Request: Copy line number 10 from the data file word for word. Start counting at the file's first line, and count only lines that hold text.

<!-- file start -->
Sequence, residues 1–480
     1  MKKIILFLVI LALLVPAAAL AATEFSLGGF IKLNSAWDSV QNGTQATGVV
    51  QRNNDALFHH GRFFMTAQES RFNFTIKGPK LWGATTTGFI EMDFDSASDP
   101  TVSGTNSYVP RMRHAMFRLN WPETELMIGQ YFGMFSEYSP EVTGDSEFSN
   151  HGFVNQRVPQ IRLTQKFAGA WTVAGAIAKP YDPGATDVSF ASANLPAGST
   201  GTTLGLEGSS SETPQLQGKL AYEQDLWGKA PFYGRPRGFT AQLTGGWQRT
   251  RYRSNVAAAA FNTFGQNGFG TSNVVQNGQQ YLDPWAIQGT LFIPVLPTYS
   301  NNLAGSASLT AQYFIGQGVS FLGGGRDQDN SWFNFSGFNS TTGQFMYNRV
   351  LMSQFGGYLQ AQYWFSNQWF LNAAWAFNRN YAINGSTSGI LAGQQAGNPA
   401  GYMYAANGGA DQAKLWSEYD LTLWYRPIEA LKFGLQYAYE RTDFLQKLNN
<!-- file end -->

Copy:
   401  GYMYAANGGA DQAKLWSEYD LTLWYRPIEA LKFGLQYAYE RTDFLQKLNN